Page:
It wasn’t possible to send or save the results electronically. With the Cardiopad, the results are digitalised and transmitted. There is no need to print them, the heart surgeon can interpret them, even remotely, from his tablet and then send the diagnosis and prescribed treatment”

Accessibility
“The Cardiopad will cut down the cost of examination. We intend to sell the device for 1500 euros, while the current price for an electrocardiograph device is 3800 euros. If hospitals purchase the device at a low price, they will be able to lower the prices of medical examinations”, Arthur Zang hopes.

&copy; http://www.rnw.nl/africa

However, there is still the issue of energy, as many of the country’s remote regions do not have access to electricity. “The Cardiopad is equipped with a battery that can independently power the machine for more than seven hours”, the engineer assures. He further explains that a prototype and sample of device is already available. “We are currently producing the first units of the device which will be available for hospitals before July”, says the young engineer who is still looking for funding to mass-produce the Cardiopad. “Besides the funding, I am also looking to start a company to help improve the medical care system in Cameroon”, he concludes.

Note: This year he has completed around 30 of them and still hopes to get funding to produce more.

Saheed Adepoju

Nigeria’s Saheed Adepoju is a young man with big dreams. He is the inventor of the Inye, a tablet computer designed for the African market. According to the 29-year-old entrepreneur, his machine’s key selling point is its price – $350 (£225) opposed to around $700 for an iPad. He believes that, because of this, there is a big market for it in Nigeria and elsewhere in Africa, particularly among students. The Inye is a mobile internet device. It gives you access to the internet; it allows you to play media files and watch movies”

Saheed Adepoju is also hoping to sell his tablet – which runs on the Google Android operating system – to the Nigerian government and plans to have at least one computer in each local government area. What we have is an 8-inch device, a device that is half-way between a laptop and a mobile phone,” he said in an interview. ”You have the standard software applications that come pre-installed and then you have the ones that we are working with various local developers to bundle on,” he added.Among those local apps there is one designed to raise awareness about HIV and others related to water and sanitation.

“We work with local developers that have expertise in particular areas so that we don’t end up doing so much work and we just have a collaborative way of doing things together,” he said.

short biography:

  • Age: 29
  • Degree in Maths and computer science, The Federal University of Technology, Minna, Nigeria, 2005
  • Advanced Computing, Bournemouth University, UK, 2008
  • Worked briefly for a consulting firm
  • Cofounded Encipher Group with Anibe Agamah
  • Starting capital: $60,000
  • The Encipher Inye was released in 2010
  • Inye means One in Igala, a language in Nigeria

After doing a first degree in maths and computer science in Nigeria, he completed another one in advanced computing by research at Bournemouth University, in the United Kingdom.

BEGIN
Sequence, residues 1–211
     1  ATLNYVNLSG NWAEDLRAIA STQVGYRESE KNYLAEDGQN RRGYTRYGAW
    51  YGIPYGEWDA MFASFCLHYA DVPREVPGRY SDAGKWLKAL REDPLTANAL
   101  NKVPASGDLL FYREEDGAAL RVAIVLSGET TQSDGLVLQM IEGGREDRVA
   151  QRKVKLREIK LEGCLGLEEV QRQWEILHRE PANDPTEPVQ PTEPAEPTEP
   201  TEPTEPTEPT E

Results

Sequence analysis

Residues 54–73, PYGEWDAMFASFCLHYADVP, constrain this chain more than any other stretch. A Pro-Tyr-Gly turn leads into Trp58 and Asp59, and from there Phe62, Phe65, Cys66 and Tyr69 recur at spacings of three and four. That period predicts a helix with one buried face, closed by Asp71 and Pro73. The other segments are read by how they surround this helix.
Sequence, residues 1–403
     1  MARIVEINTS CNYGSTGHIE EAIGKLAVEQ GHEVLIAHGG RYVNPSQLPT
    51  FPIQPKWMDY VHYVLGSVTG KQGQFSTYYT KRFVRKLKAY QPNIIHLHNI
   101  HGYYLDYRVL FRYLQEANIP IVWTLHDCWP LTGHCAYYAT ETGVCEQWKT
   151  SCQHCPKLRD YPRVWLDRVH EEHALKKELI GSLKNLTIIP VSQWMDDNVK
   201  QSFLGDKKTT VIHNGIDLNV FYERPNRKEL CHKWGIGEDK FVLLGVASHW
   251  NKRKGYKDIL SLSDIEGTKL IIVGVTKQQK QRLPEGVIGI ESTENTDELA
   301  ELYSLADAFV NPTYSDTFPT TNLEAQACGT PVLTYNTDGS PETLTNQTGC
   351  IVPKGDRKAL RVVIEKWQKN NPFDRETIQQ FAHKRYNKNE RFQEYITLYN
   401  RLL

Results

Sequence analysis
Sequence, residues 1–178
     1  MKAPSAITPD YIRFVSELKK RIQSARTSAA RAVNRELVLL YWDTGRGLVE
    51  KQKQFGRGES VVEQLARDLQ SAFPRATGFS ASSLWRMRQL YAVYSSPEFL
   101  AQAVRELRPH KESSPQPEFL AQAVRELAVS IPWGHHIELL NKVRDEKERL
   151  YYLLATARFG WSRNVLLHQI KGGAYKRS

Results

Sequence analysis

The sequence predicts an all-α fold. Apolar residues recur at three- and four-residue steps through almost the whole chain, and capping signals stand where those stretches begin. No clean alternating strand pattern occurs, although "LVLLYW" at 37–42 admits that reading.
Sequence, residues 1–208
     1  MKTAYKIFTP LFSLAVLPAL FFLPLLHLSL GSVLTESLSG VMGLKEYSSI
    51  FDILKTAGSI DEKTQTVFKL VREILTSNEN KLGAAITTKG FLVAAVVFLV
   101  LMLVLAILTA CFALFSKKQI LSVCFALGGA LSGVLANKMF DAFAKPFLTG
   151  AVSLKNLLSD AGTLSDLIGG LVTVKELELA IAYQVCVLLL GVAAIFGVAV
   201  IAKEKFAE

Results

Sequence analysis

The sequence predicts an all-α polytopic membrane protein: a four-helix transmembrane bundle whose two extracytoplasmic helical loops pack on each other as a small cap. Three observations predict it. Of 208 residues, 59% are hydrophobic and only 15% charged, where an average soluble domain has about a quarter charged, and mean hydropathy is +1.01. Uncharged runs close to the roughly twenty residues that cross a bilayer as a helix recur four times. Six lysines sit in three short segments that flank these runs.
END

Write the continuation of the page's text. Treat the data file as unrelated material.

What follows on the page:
Upon graduation in 2009, he returned to his home country and started working for a consulting firm.

“Within eight months I got fired, primarily because of differences in approach to doing business. In the middle of all this, the Apple iPad launched, back in January of 2010, which inspired us to actually look to build such [a] product within the African marketplace,” . He said that, with that goal in mind, he borrowed money from friends and family, raising a total of about $60,000. According to him, all of that went on the devices and the logistics – there was no budget for marketing, so early advertising was “word of mouth” on social media.

The first 100 units of the Inye, which means One in Nigeria’s Igala language, were built in China and, after receiving feedback from its users, a second version was launched in May 2011. Encipher Group, the company he co-founded with web developer Anibe Agamah, also offers customized IT services and products, including cloud computing, which are mostly based on open technology to keep costs down.

Fortunately the African genius is not only regulated to the hard sciences but to everyday activities, which is what the mind’s creative process was all about.

At the end of the day, as they say you can’t keep a good man down. Or in this case you can kill a revolutionary, but you can’t kill a revolution. This is the African revolution of the 21st century. Not ask kissing for hand outs or sitting down and waiting for the government to steal your hard earned wages then give you pittance in return. Now if more scientific would leave NASA, and the other corporation and build viable, sustainable products that truly enhances the lives of every one on the planet instead of causing wars to profit the rich. Maybe…just maybe we may bot end up as casualties when the day of reckoning come for the planet.

14 year old  high school freshman, Tony Hansberry II  has developed a stitching technique that can be used to reduce surgical complications, as well as the chance of error among less experienced surgeons.